By Benjamin Bullard
The Cullman Times
GOOD HOPE —
The Good Hope city council granted its first round of alcohol licenses to three local businesses this week, clearing the way for the city’s first-ever legal liquor sales.
All three of Good Hope’s first licensees are convenience stores, and all will be licensed to sell beer for off-premises consumption. Two will also sell wine. The city council unanimously approved the licenses at its Monday regular meeting, after the Good Hope alcohol review committee recommended the council approve all three applicants.
The Jack’s Truck Stop Shell station, the Jet Pep fuel station and Good Hope Exxon — all located on the north side of Interstate 65 on Ala. Highway 69 — each will sell beer for customers to take home. The Jet Pep and the Shell station will sell wine for off-premises consumption as well.
Mayor Corey Harbison said it’s likely his city would see its first alcohol sale some time next week, although each of the three businesses must obtain final approval from the Alabama Beverage Control Board before making alcohol available.
“It may be the middle of the week next week, or it could take a week or maybe two on all of them,” said Harbison. “Each of the businesses still has to get their approval from the state. Once they’ve got that, then they will turn around and pay the city our licensing fee, and then they can start selling.”
So far, no business in Good Hope has obtained a license to sell hard liquor from the city. Harbison noted much of a town’s revenue from alcohol sales comes not from the sale of beer and wine, which is regulated by the state, but from local fees on the sale of liquor.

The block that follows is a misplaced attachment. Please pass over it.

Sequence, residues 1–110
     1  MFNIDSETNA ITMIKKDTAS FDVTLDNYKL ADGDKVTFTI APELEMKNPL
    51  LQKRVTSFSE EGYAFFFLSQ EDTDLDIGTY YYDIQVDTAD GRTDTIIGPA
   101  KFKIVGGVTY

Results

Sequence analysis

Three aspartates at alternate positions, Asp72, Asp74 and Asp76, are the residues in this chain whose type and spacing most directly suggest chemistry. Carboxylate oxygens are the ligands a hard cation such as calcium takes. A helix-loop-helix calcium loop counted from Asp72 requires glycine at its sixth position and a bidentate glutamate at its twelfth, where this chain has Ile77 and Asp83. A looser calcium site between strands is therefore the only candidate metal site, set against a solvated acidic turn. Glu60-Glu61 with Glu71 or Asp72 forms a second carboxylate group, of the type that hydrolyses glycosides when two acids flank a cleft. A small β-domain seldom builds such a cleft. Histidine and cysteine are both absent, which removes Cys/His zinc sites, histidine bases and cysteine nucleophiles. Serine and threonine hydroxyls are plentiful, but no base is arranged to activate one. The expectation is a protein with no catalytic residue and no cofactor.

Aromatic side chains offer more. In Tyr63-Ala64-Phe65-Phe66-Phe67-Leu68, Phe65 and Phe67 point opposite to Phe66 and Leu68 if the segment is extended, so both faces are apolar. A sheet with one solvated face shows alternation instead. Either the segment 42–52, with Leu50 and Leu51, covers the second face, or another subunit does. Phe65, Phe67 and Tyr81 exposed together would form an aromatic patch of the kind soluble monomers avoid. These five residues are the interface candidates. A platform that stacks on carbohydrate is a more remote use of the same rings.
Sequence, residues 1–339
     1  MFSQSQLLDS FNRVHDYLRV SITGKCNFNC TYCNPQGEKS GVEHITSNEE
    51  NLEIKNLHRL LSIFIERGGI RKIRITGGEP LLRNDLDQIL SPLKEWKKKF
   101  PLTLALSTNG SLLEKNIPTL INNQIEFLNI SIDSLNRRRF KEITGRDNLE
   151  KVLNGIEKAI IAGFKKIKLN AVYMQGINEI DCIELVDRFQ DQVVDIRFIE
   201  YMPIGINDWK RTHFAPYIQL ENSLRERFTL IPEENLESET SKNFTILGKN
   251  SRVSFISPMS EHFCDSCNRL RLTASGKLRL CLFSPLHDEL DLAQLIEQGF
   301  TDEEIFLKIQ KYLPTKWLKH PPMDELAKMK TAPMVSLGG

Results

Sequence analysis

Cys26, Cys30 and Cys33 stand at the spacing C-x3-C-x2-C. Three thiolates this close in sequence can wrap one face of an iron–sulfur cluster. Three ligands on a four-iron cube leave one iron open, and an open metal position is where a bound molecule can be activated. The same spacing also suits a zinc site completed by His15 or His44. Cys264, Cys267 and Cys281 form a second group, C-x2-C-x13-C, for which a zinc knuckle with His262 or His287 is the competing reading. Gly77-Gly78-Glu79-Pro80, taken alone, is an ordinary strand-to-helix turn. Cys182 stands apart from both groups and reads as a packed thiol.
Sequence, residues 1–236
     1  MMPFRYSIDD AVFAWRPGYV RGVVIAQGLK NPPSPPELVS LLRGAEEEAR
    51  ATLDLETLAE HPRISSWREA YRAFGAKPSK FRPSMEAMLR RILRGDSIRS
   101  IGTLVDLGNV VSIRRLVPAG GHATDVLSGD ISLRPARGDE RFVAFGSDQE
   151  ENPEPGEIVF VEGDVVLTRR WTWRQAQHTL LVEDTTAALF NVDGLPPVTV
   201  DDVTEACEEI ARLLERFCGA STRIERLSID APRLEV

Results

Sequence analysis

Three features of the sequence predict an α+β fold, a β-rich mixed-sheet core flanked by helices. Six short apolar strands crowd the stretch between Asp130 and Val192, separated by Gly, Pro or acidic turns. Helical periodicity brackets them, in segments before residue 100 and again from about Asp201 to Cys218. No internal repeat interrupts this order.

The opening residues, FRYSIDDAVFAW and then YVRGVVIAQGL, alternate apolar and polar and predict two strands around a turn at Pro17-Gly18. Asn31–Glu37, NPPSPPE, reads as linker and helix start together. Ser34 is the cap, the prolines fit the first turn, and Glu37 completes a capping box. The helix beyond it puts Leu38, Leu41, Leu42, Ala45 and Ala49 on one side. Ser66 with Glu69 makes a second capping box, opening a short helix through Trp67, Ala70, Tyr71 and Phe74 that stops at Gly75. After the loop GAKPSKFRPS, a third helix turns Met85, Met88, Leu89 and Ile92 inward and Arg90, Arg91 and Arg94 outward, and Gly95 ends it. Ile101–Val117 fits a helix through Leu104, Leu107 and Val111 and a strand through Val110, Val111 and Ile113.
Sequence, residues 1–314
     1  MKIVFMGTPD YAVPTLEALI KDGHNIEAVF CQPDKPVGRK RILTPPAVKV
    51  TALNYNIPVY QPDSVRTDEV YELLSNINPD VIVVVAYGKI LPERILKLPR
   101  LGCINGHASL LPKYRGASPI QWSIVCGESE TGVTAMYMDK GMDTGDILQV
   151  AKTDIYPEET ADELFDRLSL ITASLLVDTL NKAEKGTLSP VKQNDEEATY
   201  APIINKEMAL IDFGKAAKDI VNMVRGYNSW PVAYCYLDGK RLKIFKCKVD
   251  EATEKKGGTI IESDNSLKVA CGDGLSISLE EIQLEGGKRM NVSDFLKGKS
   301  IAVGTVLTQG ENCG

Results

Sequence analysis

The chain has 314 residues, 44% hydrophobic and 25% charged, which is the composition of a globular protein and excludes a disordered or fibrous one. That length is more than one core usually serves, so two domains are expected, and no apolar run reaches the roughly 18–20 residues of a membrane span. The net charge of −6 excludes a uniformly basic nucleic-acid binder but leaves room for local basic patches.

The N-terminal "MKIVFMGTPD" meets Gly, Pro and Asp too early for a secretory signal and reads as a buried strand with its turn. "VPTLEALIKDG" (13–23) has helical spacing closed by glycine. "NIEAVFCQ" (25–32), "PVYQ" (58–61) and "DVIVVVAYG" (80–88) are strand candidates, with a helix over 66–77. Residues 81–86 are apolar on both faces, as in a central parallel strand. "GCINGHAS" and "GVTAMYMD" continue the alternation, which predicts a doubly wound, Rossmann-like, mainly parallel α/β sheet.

“I think there’s a lot of misunderstanding about the money that’s going to the coming in, especially on beer and wine sales,” said Harbison. “Our 12 percent local fee is for hard liquor only; it’s not for beer and wine. We only see significant revenues in Good Hope, for our town, on hard liquor sales. Really, the most revenue we will get out of selling only beer and wine is the 8.5 percent sales tax that the county has, which applies to any retail sale.”
Good Hope went wet earlier this year after voters approved a legal sales referendum on their second attempt in as many years. The city becomes the third in Cullman County — preceded by Cullman and Hanceville — to have been voted wet since the passing of a 2009 state law that opened wet/dry referenda to smaller Alabama towns.
* Benjamin Bullard can be reached by e-mail at firstname.lastname@example.org or by telephone at 734-2131 ext. 270.